The latest exhibit at the Hattie Weber Museum of Davis is a giant 100th birthday card for the historic Old North Davis neighborhood, which was founded in 1913 when the so-called Bowers Addition was built. The neighborhood is bounded by Fifth Street, Seventh Street, B Street and the railroad tracks adjacent to G Street.
The museum’s tribute includes photographs by Dennis Dingemans of the eight 100-year old homes surviving in the Old North Davis neighborhood. Other exhibit photographs sample the visually delightful variety of home styles and sizes constructed in the following 10 decades of continuing infill.
Old North has a few impressive large homes, many modest houses (often in the California bungalow style) that establish its dominant small-house appearance, a score of alley-facing cottages that provide charming hidden purlieus, and a sprinkling of duplex structures that includes a matched set of log cabins.
Unlike with later developments in Davis, bare lots were sold to buyers. Sidewalks were installed, too, at a time when they were less than universal in town.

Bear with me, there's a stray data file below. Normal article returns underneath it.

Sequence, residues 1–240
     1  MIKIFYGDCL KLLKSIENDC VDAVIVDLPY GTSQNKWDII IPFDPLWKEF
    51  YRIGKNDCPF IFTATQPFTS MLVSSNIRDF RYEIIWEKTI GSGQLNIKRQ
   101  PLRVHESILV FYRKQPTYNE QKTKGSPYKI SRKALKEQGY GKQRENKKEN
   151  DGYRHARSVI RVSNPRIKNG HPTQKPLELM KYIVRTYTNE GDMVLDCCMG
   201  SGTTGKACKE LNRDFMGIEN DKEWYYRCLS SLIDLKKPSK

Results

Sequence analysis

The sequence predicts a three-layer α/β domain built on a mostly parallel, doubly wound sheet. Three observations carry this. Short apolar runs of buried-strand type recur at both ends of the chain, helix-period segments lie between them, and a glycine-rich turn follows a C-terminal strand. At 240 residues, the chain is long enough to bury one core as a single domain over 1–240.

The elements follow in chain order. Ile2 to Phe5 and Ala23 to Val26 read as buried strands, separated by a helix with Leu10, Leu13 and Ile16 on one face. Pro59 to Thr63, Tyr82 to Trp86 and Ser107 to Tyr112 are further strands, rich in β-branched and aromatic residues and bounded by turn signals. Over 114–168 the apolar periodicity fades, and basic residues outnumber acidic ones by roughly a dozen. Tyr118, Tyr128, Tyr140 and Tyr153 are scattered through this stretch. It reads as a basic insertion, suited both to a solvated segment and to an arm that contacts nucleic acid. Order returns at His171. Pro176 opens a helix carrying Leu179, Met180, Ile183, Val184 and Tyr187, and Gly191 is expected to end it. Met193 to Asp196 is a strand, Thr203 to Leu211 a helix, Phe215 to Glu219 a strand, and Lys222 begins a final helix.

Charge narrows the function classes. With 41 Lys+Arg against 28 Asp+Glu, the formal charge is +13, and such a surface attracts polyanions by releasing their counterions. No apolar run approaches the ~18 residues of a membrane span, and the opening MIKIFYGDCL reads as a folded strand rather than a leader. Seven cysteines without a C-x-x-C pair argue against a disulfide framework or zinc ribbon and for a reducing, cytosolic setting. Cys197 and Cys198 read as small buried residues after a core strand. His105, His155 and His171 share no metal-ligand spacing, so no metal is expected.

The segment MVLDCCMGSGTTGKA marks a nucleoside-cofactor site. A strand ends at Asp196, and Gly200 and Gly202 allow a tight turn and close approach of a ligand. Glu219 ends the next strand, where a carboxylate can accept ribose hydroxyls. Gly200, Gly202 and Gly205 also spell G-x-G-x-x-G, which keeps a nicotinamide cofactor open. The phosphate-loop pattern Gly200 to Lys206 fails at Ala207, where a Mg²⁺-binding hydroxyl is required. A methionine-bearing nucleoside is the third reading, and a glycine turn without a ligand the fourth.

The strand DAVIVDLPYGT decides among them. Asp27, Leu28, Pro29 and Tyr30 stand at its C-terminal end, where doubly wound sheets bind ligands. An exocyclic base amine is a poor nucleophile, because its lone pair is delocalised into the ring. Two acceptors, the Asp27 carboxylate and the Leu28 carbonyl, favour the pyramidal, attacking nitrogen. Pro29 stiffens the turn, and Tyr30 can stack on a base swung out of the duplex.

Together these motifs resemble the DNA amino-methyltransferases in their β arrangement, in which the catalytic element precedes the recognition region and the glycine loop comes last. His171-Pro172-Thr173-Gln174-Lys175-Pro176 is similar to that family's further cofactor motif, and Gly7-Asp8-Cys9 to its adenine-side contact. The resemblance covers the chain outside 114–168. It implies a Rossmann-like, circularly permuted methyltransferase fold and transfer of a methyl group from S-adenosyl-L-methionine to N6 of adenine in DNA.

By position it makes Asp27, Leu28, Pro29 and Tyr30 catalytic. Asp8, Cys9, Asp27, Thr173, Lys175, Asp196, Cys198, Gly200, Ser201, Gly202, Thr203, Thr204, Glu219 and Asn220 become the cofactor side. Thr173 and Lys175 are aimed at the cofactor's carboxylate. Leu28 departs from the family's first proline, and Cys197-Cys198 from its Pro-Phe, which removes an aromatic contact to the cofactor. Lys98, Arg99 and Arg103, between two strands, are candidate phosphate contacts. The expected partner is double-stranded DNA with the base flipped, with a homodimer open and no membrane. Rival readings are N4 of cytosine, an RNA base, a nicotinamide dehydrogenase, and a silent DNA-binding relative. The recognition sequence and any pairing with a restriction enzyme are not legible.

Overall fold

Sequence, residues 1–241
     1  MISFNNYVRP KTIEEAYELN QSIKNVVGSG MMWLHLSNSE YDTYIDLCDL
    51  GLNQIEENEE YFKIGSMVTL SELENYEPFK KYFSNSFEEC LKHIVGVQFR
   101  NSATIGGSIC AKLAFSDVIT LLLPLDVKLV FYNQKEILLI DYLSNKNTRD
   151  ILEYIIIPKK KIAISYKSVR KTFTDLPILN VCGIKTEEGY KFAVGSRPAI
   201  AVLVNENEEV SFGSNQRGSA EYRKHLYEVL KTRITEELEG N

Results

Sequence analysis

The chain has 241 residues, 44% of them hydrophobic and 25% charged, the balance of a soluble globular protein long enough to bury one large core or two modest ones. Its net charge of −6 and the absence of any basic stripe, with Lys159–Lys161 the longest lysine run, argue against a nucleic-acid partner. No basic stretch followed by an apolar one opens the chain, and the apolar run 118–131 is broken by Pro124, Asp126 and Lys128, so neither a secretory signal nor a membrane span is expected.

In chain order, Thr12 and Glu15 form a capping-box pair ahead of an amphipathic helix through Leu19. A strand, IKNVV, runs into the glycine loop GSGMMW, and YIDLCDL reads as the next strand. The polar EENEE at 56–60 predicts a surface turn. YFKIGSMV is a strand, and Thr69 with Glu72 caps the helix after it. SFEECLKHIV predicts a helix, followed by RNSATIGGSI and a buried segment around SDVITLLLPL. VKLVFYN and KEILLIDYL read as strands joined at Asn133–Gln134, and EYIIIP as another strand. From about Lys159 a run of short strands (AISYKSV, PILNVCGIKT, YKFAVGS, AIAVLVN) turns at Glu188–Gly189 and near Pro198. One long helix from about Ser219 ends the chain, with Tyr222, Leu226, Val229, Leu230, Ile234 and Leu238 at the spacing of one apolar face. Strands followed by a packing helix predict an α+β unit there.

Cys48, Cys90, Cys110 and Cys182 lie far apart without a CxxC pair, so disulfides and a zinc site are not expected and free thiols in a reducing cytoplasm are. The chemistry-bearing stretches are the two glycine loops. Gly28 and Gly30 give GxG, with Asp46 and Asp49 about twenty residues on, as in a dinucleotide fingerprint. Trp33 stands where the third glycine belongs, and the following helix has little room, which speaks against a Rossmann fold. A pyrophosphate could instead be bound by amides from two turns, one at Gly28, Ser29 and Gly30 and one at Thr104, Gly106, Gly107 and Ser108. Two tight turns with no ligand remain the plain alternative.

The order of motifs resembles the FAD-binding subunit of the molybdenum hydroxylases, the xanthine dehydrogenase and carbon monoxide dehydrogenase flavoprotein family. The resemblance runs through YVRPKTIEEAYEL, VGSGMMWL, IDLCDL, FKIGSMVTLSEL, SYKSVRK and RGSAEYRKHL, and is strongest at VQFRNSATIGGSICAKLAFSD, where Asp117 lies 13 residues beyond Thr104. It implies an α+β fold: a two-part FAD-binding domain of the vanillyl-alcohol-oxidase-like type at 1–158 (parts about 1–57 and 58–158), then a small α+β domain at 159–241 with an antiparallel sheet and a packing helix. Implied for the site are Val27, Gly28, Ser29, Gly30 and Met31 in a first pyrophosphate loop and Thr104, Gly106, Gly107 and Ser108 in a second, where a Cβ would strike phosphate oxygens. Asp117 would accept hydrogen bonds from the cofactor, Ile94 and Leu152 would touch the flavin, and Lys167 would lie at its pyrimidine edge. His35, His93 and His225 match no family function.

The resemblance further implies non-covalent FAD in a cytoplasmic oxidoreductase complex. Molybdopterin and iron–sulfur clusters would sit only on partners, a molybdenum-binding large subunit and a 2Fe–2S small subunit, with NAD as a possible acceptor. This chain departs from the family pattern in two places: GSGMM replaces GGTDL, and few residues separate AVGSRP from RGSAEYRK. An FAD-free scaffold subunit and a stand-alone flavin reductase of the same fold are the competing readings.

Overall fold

A more detailed account of the landscape and historical importance is provided in a walking tour book by Davis historian and Old North resident John Lofland. His book, copies of which are available for purchase at the museum, was the first to refer to these 10 blocks by the name “Old North Davis.”
Also on display at the museum are numerous exhibits detailing the history of Davis from the coming of the railroad in 1868 to current places of worship.
The Hattie Weber Museum is at 445 C St. in the northeast corner of Central Park. It is open from 10 a.m. to 4 p.m. Wednesdays and Saturdays. Children are welcome to play in a toy corner while adults view the exhibits.
Admission is free but donations are accepted with gratitude.